I have purposely left some configuration out just for explanatory purposes later on in this article. After I pasted this configuration on my routers, the EIGRP relationships came up on the tunnel, so I know my configuration works.

I can check that the spokes can reach the hub and that this traffic is protected by the VPN tunnel. First, I will verify on SITE-B:

The reason we have such a high amount of encrypted/decrypted packets is because the EIGRP traffic is also being sent over the tunnel and is protected. Below, we see that SITE-C can also reach the hub:

Sending spoke-to-spoke traffic via the hub

If we check the routing table of the spokes, we will not see the network of the other spoke there.

However, the hub (SITE-A) knows about these networks:

Even though the hub knows about these networks via EIGRP, it will not share the information with the spokes because of the split horizon rule. Therefore, we need to disable split-horizon on the tunnel interface of the hub.

interface tunnel0
 no ip split-horizon eigrp 10

Now if you check the routing tables of the spokes, you will see that not only do they have the other spoke’s network, they can also access that network.

This spoke-to-spoke traffic is actually going via the hub. I know this because Site B’s router learns about the 3.3.3.3/32 (Site C) network via 10.0.123.1, which is the tunnel interface IP address of Site A’s router. I can also confirm by checking the number of VPN tunnels are active on the spoke:

If this is what we wanted to achieve, then we didn’t even have to use multipoint GRE tunnel interfaces on the spoke routers, only on the hub.

Spoke-to-spoke communication via dynamic tunnels

Let’s now consider the usefulness of the mGRE tunnel interfaces on the spokes. To ensure that spoke-to-spoke dynamic tunnels are built, we need the hub router to leave the next-hop address of each spoke’s network unchanged when advertising it to the other spoke. The default behavior is that the hub will replace the next-hop address with its own IP address and that is why we see “10.0.123.1” as the next hop IP address above.

To achieve this, we issue the following command under the tunnel interface of Site A’s router: no ip next-hop-self eigrp 10.

Now when we check the routing table of Site B’s router, we see that the next-hop address is that of Site C’s router:

For the spokes to communicate with each other, they first need to ask the NHRP server for the public IP address of the other spoke so that they can form dynamic tunnels. For example, if Site B’s router wants to ping 3.3.3.3, it will ask its NHRP server (which we configured as Site A’s router) for the public IP address of the router at 10.0.123.3. The NHRP server will check its NHRP cache, find that the public IP address is 192.168.30.1 and then reply to the requesting spoke.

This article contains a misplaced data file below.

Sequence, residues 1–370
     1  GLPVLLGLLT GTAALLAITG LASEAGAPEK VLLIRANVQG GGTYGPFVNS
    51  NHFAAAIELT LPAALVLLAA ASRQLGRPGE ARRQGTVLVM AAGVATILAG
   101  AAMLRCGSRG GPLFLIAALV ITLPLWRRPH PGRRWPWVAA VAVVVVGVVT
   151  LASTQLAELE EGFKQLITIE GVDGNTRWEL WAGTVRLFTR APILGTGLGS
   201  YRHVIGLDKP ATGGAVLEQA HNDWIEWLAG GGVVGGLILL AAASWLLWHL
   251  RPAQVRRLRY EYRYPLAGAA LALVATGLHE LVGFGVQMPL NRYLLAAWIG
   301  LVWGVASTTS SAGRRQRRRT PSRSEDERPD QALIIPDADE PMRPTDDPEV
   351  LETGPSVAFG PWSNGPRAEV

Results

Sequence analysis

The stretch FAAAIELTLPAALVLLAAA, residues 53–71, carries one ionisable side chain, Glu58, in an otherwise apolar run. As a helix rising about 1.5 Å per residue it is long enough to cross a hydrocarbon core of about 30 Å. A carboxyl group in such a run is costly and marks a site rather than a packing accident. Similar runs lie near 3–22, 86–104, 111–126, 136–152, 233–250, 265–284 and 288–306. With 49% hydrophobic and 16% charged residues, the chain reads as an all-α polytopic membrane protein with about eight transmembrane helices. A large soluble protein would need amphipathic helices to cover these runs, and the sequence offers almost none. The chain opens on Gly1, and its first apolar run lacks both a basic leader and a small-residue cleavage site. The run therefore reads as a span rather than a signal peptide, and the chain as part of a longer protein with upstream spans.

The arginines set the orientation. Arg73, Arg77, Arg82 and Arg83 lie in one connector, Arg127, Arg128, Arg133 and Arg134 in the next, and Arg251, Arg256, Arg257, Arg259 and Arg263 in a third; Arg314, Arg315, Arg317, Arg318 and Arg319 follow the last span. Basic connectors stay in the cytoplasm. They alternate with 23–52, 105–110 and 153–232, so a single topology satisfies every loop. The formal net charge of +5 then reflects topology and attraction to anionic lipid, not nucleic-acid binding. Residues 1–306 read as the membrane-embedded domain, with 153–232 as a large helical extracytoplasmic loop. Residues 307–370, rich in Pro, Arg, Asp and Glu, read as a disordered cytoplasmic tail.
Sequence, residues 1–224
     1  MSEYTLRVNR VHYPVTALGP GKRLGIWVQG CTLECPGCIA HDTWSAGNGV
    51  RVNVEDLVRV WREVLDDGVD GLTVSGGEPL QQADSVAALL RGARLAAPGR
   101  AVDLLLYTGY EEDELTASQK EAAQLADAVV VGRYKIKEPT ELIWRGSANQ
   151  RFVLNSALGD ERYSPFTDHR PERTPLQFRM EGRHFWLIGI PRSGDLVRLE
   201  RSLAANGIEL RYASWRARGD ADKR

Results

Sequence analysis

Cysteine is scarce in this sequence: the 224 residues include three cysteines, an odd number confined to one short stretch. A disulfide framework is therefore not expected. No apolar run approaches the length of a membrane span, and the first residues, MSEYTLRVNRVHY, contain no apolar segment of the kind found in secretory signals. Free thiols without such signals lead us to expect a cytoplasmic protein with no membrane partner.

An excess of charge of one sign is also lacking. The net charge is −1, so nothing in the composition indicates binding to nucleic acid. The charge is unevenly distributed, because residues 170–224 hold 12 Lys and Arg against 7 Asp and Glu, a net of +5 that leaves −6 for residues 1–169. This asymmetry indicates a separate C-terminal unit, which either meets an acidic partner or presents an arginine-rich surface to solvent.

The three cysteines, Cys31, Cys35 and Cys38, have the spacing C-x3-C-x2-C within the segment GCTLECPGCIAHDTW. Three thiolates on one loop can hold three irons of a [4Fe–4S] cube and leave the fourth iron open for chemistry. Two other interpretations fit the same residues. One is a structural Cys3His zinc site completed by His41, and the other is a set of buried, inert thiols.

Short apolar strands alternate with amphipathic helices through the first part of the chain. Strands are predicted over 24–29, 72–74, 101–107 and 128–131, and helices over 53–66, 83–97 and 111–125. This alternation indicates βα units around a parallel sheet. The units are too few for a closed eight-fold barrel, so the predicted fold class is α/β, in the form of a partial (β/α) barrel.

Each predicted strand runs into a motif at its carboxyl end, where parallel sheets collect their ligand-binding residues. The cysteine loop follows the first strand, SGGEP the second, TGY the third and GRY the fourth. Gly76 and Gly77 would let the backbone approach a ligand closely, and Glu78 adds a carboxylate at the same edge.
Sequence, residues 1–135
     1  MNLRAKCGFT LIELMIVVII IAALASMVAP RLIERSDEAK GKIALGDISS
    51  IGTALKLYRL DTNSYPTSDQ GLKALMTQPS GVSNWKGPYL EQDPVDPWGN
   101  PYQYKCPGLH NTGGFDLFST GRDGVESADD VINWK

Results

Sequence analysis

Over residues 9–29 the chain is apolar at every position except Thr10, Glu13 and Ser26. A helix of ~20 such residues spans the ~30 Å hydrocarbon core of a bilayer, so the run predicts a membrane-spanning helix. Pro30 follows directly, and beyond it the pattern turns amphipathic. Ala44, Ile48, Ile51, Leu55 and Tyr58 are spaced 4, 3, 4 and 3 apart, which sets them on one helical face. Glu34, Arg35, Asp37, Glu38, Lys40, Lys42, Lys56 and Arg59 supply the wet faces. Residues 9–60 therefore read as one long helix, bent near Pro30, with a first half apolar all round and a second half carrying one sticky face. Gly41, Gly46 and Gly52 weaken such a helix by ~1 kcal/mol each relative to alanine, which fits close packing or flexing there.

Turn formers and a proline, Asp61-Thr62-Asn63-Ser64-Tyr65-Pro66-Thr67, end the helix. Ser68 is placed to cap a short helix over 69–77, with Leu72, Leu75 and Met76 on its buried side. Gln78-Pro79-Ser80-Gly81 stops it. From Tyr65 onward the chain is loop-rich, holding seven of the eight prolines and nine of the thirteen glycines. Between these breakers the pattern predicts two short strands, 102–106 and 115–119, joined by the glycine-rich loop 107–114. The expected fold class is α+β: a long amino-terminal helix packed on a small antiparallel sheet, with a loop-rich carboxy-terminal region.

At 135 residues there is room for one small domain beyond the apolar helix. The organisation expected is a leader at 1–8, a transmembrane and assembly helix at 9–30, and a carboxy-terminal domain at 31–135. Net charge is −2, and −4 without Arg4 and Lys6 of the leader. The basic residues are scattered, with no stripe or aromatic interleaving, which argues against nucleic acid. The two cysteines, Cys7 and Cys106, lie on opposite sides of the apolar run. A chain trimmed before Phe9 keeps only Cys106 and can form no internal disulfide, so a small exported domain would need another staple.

That spoke now has what it needs to form a dynamic tunnel and will attempt to form this tunnel. In our case, this tunnel will not come up because, as I said, I purposely left out some key configuration:

  1. I only added a pre-shared key for Site A on both Site B and Site C. Each spoke does not have a pre-shared key for the other spoke.
  2. Each spoke only has a static route for the hub, not for the other spoke.

Note: Even though the dynamic tunnel will not be formed, traffic will still get to the other spoke successfully as it will be sent via the hub.

The configuration addition on Site B’s router is as follows:

crypto isakmp key cisco address 192.168.30.1
!
ip route 192.168.30.0 255.255.255.0 192.168.20.2

The configuration to be added on Site C’s router is as follows:

crypto isakmp key cisco address 192.168.20.1
!
ip route 192.168.20.0 255.255.255.0 192.168.30.2

Now when we ping from one spoke to another, a dynamic tunnel is formed and traffic is sent over this tunnel:

You can also check the IPsec SA formed for the spoke router and see that traffic is going over that tunnel:

After a period of inactivity, the dynamic tunnel between the spokes is torn down. If you want to see the dynamic tunnel destroyed, you can reduce the NHRP holdtime value on the spokes to something short, like 60 seconds. If you don’t send anything over the tunnel after a few minutes, then the dynamic tunnel will be destroyed.

Summary

In this article, we have seen how DMVPN can be used to bridge the tunnels of two spoke sites together. In the next article, we will see how to achieve this VPN bridging on Cisco ASAs.

I hope you have found this article useful.

References and Further Reading

  1. Configuring Dynamic Multipoint VPN (DMVPN) using GRE over IPSec between Multiple Routers: http://www.cisco.com/c/en/us/support/docs/security-vpn/ipsec-negotiation-ike-protocols/29240-dcmvpn.html